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Art in the news for mangrove conservation, online bullying and… bananas


While we focus on Indian art, we can’t obviously function in a vacuum. It’s a small world and everything is connected, especially on the web. So, let’s train our spotlight across the world map to see what’s going on — from art trends to socio-political issues to everything that affects the great aesthetic global consciousness. Or, let’s just travel the world and have some fun!

World Earth Day 2021: Artist push for Mumbai’s mangroves


Mumbai’s mangroves are among 12 unique mangrove forests in India selected for better conservation by the Mangrove Society of India, and clearly not enough is being done to preserve this biodiversity-rich heritage. On the occasion of World Earth Day, six artists (Nayan Shrimali and Vaishali Chudasama, Svabhu Kohli, Anjali Mehta, Mira Malhotra, Afrah Shafiq, and Michelle Poonawalla) led the pack to broadcast the campaign #MakeArtforMumbaisMangroves on social media, both to raise awareness and encourage people to come forward and support the conservation of these vital resources. The Indian Express encapsulates.

Young Pak artist Misha Japanwala in Forbes 30 Under 30 Asia List


After Forbes released its 30 Under 30 Asia list recently, it featured young Pakistani sculpture artist and designer Misha Japanwala — who is, however, facing huge flak from conservative quarters in the neighbouring nation. Following the announcement, besides those congratulating the 25-year-old for the impressive milestone, a number of naysayers took to social media to decry her art, which focuses on creating social commentary around women’s crises, such as domestic violence and honour killings, creating moulds of bodies. Images (Dawn) has the report.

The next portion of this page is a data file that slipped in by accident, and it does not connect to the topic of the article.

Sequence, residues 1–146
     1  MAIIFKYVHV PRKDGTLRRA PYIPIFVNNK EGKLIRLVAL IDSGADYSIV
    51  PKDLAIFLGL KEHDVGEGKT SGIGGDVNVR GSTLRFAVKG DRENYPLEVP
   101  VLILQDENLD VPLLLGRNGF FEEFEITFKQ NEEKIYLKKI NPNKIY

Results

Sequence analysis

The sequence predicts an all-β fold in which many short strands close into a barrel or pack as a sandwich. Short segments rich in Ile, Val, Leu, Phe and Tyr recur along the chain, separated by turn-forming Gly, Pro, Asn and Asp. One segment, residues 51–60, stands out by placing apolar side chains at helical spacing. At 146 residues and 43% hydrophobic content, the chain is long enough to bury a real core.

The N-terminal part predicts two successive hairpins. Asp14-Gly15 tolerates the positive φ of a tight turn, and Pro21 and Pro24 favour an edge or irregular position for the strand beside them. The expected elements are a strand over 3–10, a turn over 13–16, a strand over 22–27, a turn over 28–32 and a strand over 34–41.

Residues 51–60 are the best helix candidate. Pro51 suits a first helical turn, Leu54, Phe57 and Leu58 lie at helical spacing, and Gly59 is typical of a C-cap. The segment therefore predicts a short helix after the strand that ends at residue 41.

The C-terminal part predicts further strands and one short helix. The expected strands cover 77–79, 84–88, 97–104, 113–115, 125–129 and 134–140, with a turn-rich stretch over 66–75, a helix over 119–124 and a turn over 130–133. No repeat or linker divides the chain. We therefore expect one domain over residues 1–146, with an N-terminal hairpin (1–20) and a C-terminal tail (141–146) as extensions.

Bananas for art!


A suspected case of Covid-19 got Anna Chojnicka (35) quarantined in her London apartment last year and out of boredom, she accidentally picked up a banana on her kitchen table and dre3w lines through it. As form began to emerge from the doodle when the fruit ripened and darkened, she was fascinated — soon, her experiments transformed into a full-fledged pursuit. Today, she has an international fan following for her unique banana art, and even uses her popularity to contribute to charity on a regular basis. The Washington Post writes about her.

Not all Picassos are created equal


A three-year-long project by international researchers seems to have uncovered why one of four closely related paintings by Pablo Picasso has deteriorated more quickly than the others. All four art works were inspired by the Ballets Russes, the Russian impresario Sergei Diaghilev’s dance troupe. They were produced by Picasso within a few months in 1917, while working at a friend’s studio in Barcelona. Over the years, they were been exposed to identical environmental conditions — but only Hombre Sentado (Seated Man) deteriorated more severely than the other three. The Art Newspaper investigates.


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